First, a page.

It is not every day you get the chance to dive with one of the most impressive acrobats of the sea. During the summer of 2005, a two-meter-long white-beaked dolphin stayed in Gandsfjorden just outside Stavanger on the south west coast of Norway.
The white-beaked dolphins usually stay out in the North Atlantic. This one was stationary around a mooring and became a huge attraction among the local scuba- and free divers.
Dolphins are social animals and live together in large groups. Sometimes one can come across lonely dolphins. One theory is that the dolphin has been rejected from the group and seek other groups or even humans to socialize.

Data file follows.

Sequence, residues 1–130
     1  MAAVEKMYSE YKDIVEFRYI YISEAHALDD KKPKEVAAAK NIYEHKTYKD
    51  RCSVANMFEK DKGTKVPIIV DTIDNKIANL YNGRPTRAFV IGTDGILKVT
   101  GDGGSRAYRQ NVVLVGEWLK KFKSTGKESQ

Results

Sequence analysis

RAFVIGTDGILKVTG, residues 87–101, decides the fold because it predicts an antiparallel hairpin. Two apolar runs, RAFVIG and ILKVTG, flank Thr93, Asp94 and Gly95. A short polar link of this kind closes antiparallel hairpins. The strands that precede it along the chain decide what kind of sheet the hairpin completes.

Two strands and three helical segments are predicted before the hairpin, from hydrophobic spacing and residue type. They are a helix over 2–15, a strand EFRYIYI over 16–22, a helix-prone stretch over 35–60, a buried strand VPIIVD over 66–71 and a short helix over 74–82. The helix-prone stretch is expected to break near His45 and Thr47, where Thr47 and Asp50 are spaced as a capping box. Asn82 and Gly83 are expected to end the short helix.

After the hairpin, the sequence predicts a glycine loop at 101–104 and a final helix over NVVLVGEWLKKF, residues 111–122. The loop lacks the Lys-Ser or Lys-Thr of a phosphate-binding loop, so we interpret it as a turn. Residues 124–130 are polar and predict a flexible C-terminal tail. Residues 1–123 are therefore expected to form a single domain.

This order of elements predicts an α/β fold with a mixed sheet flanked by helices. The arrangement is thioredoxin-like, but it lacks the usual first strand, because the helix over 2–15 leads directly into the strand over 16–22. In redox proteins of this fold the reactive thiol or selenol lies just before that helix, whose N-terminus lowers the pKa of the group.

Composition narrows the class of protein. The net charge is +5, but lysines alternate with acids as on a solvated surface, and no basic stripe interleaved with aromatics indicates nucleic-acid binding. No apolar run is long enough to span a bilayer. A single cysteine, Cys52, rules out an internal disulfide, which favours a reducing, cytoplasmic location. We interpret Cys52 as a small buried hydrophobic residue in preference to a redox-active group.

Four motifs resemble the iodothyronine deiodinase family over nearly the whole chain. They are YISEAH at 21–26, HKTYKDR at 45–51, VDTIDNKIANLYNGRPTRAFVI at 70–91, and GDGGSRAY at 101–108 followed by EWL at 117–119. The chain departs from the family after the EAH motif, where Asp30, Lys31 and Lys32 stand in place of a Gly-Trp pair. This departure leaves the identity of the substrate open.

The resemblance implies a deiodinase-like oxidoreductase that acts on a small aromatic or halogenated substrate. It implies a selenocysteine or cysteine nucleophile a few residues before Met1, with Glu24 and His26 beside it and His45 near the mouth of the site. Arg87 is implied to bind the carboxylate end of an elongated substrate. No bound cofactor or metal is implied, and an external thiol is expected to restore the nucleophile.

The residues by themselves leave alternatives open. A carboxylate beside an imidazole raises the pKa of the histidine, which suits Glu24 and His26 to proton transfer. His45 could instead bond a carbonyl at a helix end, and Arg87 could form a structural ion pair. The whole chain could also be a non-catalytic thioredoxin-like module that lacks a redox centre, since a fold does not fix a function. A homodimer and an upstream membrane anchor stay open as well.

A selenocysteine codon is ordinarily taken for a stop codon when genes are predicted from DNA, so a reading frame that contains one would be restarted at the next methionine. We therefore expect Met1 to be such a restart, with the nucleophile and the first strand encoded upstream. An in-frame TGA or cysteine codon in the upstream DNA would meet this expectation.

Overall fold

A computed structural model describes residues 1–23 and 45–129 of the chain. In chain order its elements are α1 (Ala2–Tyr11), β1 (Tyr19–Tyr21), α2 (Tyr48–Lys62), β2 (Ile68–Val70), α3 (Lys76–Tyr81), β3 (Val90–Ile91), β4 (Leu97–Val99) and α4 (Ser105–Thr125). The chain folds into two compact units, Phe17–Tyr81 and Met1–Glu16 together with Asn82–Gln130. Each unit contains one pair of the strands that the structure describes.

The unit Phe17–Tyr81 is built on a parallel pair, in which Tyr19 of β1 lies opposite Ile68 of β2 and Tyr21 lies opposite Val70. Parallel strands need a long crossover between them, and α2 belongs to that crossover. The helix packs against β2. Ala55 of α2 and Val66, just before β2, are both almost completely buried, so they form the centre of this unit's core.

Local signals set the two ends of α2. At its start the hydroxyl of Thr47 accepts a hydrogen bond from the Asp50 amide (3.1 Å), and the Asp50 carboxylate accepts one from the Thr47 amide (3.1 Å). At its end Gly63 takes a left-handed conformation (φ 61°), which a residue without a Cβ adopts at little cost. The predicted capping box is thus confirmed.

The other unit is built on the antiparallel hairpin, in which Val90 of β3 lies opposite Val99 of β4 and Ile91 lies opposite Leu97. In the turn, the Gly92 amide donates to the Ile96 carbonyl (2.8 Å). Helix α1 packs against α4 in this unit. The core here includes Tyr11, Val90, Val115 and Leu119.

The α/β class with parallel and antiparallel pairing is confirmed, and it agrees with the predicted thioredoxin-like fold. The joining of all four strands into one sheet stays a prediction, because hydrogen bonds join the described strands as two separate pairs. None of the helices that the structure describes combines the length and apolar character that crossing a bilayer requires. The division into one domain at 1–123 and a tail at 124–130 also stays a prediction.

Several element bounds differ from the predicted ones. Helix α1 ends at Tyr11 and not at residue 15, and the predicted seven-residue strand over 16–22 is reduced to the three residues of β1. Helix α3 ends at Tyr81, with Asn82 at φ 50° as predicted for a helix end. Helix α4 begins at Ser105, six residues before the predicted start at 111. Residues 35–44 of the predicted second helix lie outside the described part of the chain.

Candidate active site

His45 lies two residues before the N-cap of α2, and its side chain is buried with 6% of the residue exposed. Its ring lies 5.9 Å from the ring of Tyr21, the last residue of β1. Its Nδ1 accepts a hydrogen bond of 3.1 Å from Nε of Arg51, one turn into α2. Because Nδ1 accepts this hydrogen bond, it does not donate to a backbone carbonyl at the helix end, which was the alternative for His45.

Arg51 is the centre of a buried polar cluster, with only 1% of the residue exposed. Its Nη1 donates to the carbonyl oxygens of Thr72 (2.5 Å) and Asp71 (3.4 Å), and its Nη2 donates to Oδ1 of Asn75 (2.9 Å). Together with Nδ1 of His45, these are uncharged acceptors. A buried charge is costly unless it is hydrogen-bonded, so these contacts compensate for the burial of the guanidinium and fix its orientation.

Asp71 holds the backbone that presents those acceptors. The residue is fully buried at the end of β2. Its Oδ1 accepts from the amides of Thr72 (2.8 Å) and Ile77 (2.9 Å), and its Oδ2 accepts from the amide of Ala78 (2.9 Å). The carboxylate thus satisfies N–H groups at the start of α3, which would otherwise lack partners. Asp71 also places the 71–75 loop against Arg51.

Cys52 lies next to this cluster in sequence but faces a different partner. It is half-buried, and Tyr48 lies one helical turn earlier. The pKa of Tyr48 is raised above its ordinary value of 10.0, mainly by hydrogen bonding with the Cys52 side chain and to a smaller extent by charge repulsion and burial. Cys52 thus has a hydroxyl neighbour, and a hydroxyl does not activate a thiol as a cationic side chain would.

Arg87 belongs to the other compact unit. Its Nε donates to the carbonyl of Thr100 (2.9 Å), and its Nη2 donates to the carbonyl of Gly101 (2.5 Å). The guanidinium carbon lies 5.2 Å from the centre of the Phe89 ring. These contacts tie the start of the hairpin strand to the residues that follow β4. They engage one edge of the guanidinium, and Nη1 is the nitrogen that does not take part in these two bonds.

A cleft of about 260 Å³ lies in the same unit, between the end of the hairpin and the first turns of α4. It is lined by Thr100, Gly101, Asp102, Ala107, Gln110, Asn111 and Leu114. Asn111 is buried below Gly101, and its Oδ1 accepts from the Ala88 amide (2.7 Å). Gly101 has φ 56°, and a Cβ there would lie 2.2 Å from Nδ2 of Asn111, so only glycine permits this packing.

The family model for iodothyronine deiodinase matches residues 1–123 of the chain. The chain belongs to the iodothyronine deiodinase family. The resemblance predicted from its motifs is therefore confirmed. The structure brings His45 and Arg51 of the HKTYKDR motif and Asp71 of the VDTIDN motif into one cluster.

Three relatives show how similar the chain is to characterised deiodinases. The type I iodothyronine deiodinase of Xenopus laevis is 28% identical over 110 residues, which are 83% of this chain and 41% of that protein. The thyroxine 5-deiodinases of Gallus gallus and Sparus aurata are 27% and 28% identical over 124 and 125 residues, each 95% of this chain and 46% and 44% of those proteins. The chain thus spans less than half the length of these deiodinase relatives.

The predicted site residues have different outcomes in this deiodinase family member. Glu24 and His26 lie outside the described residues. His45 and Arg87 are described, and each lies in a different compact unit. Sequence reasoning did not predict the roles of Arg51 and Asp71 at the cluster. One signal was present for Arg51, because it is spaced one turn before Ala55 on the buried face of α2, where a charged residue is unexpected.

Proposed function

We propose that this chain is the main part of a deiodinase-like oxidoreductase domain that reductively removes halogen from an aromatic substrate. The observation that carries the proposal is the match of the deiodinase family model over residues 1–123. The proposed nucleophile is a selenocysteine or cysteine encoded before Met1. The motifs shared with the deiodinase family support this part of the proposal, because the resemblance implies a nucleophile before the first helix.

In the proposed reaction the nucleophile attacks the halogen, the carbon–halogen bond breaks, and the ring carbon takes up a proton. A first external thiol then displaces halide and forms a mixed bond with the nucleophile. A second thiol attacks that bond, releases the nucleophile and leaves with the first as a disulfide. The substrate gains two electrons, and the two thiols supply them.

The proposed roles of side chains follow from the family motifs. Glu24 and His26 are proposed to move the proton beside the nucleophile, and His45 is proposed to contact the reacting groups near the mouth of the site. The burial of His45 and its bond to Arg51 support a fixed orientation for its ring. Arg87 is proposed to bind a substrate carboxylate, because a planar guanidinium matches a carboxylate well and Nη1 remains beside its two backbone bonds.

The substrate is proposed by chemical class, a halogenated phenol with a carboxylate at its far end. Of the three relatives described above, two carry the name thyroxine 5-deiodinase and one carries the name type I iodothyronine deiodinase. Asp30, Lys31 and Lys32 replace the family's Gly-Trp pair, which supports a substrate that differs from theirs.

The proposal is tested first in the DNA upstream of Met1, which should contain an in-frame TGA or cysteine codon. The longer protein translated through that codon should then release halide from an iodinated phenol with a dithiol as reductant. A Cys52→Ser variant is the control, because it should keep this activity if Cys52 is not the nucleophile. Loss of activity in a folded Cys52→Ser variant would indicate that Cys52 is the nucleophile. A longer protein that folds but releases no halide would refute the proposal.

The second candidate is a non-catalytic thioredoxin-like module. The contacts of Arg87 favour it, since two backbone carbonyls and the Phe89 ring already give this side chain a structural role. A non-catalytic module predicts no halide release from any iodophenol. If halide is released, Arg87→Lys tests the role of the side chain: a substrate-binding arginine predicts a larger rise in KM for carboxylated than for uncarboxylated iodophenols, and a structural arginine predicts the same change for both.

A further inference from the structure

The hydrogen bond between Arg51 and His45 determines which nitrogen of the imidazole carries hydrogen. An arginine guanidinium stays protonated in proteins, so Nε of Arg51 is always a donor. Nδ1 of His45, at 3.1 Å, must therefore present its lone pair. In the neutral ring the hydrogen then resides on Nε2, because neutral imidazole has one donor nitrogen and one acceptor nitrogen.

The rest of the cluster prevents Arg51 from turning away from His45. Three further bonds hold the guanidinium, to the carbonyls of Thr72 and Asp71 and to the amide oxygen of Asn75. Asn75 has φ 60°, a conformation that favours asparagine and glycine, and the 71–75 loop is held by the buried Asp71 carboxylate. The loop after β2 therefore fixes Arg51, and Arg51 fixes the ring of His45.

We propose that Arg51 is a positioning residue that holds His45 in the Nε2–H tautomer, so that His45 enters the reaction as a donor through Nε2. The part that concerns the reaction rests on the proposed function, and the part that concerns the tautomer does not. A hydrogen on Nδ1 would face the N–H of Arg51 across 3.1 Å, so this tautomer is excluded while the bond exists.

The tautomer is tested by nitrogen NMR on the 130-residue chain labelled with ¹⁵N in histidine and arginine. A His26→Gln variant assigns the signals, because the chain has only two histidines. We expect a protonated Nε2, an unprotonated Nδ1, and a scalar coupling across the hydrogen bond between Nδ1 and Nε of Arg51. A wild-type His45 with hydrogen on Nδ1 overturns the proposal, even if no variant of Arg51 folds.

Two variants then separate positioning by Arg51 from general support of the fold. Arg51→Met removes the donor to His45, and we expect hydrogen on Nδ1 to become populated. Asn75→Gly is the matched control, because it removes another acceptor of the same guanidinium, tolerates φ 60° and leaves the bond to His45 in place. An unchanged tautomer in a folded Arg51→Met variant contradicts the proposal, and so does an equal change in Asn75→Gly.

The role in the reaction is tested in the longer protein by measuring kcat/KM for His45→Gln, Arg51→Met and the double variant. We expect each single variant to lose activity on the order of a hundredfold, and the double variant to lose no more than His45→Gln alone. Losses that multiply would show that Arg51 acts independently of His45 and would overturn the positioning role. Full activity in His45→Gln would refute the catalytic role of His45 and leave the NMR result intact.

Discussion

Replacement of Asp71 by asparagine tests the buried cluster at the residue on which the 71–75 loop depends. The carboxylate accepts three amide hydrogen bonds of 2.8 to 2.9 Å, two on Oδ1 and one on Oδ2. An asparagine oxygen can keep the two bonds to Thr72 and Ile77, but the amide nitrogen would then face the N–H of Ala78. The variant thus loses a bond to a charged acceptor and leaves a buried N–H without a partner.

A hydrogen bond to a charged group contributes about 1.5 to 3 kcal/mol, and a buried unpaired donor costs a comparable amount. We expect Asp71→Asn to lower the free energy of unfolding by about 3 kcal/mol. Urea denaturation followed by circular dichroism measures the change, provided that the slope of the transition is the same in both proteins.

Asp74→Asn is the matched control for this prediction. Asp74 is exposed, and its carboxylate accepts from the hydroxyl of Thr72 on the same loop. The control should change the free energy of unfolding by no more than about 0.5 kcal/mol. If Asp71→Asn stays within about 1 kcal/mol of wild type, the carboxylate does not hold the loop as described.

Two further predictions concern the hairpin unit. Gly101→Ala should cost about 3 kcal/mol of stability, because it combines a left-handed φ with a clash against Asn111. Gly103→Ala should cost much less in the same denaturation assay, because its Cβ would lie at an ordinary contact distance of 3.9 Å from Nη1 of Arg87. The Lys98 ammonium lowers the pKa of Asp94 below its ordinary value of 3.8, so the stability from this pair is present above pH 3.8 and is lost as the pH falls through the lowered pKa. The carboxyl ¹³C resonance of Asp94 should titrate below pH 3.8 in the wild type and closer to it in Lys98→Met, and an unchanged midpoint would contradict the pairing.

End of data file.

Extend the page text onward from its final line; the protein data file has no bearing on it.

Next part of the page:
The dolphin in Gandsfjorden was named Pingo and stayed for a few months before he was gone. It was a great experience to dive with him. He obviously enjoyed our company and swam quickly from diver to diver. They can swim with a speed of 30 km/h, and freezing the motion with the camera was not an easy task. The dolphins are impressive acrobats. They easily jump clear of the sea surface. Not bad for a mammal which can weight up to 350 kg.
In 2005 we hadn´t made the transition into the digital photo era yet. We shot slide film at that time. It was exiting to turn on the light box and look through the loupe when the 36 pictures of Pingo were returned from the photo lab. Many thanks to Tor Eivind Ravndal for scanning the slides so we could share our trip down memory lane with you.
Per Toustrup from Denmark shot this video of Pingo: